# Volume

• Jan 12th 2010, 02:55 PM
CarDoor
Volume
I'm having a lot of problems with these questions.

Volume of the region enclosed by y^2=4x and y=x about the line x=4

I can graph it, but I can't set up the integral.

Another one is "The base of a solid is a the region enclosed between the graphs of y=sinx and y=-sinx from x=0 to x=pi. Each cross section perpendicular to the x-axis is a semicircle with diameter connecting the two graphs. Find the volume."

I just don't know what to do with the information it gives me in the second sentence.
• Jan 12th 2010, 03:11 PM
skeeter
Quote:

Originally Posted by CarDoor
I'm having a lot of problems with these questions.

Volume of the region enclosed by y^2=4x and y=x about the line x=4

I can graph it, but I can't set up the integral.

Another one is "The base of a solid is a the region enclosed between the graphs of y=sinx and y=-sinx from x=0 to x=pi. Each cross section perpendicular to the x-axis is a semicircle with diameter connecting the two graphs. Find the volume."

I just don't know what to do with the information it gives me in the second sentence.

washers w/r to y about the line x = 4 ...

$\displaystyle V = \pi \int_0^4 \left(4- \frac{y^2}{4}\right)^2 - (4-y)^2 \, dy$

using cylindrical shells w/r to x about x = 4 ...

$\displaystyle V = 2\pi \int_0^4 (4-x)(2\sqrt{x} - x) \, dx$

for the second problem, the diameter of a semicircular cross section is the vertical distance from $\displaystyle y = \sin{x}$ to $\displaystyle y = -\sin{x}$ , therefore, $\displaystyle d = 2\sin{x}$ ... so, the radius of a semi-circular cross section is $\displaystyle r = \sin{x}$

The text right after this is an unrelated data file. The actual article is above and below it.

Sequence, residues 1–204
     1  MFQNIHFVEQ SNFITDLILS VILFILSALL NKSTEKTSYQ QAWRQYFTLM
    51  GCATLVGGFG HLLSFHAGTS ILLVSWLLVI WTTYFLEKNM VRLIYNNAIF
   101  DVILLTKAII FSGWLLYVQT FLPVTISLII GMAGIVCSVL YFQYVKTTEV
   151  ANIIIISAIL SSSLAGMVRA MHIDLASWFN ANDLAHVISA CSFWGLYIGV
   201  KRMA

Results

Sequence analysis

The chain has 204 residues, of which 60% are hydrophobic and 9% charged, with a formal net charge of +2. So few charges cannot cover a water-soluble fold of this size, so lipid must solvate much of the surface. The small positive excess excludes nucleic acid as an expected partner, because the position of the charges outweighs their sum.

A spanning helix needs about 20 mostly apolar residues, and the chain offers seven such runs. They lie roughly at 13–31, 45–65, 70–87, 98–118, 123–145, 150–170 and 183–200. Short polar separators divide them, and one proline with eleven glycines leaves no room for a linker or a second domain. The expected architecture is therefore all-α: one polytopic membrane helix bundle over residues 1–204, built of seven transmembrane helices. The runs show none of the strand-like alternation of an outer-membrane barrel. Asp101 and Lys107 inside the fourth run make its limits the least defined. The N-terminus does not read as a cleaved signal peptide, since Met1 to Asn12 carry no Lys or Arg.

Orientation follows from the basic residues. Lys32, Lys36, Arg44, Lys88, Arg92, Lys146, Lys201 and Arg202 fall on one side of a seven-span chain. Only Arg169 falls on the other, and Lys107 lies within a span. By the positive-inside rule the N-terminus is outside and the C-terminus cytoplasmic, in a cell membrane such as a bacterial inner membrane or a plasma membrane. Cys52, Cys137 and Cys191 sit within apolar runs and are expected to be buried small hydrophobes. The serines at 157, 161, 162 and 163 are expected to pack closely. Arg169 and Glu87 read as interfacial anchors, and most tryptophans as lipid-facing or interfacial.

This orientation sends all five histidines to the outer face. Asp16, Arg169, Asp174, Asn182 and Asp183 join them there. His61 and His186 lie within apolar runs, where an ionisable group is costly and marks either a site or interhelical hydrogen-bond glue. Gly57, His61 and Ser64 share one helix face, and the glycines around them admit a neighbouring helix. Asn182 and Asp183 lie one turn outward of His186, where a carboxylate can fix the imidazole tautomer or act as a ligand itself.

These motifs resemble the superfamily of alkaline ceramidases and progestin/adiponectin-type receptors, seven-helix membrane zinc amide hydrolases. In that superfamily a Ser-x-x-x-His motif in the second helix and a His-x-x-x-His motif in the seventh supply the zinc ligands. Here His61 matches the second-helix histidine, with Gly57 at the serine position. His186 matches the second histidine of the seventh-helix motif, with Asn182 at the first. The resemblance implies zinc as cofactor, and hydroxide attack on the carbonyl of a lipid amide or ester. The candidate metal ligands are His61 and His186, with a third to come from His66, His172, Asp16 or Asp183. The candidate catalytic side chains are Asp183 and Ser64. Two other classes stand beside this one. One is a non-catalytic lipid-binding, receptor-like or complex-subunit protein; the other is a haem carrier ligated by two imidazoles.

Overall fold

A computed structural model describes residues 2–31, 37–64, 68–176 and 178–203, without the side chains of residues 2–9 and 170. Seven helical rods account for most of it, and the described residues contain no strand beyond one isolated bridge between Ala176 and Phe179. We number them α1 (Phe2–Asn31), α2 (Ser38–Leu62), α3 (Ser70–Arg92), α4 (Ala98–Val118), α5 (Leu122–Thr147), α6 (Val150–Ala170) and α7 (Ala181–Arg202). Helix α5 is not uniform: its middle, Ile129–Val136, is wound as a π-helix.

cross-sectional area = $\displaystyle \frac{\pi}{2}r^2 = \frac{\pi}{2}\sin^2{x}$

$\displaystyle V = \int_0^{\pi} \frac{\pi}{2}\sin^2{x} \, dx$
• Jan 12th 2010, 03:18 PM
galactus
Quote:

"The base of a solid is a the region enclosed between the graphs of y=sinx and y=-sinx from x=0 to x=pi. Each cross section perpendicular to the x-axis is a semicircle with diameter connecting the two graphs. Find the volume."

The region between the functions can be denoted by

$\displaystyle y=sin(x)-(-sin(x))=2sin(x)$

This is the diameter of the semicircle. Can you picture them stacked up in

the region with the base of the semicircles being between sin(x) and -sin(x)?.

The area of a semicircle is $\displaystyle \frac{{\pi}y^{2}}{2}$

The radius is $\displaystyle \frac{2sin(x)}{2}=sin(x)$

$\displaystyle \frac{\pi}{2}\int_{0}^{\pi}sin^{2}(x)dx$
• Jan 12th 2010, 04:30 PM
CarDoor
Thanks for the help.

I still have a question though. Why was is 4-y but not 4+y? By looking at the graphing how can you tell?
• Jan 12th 2010, 04:33 PM
skeeter
Quote:

Originally Posted by CarDoor
Thanks for the help.

I still have a question though. Why was is 4-y but not 4+y? By looking at the graphing how can you tell?

what is the horizontal distance from the line x = 4 to x = y ?
• Jan 12th 2010, 04:39 PM
CarDoor
Alright. I think I got it. Thanks again for the help.
• Jan 13th 2010, 05:13 PM
CarDoor
Okay. Maybe I don't get it. What if the region was on the right of x=4? Would it be y-4?
• Jan 13th 2010, 05:42 PM
skeeter
Quote:

Originally Posted by CarDoor
Okay. Maybe I don't get it. What if the region was on the right of x=4? Would it be y-4?

right curve - left curve
• Jan 13th 2010, 06:02 PM
CarDoor
Alright thanks. I think I'm finally getting comfortable with this.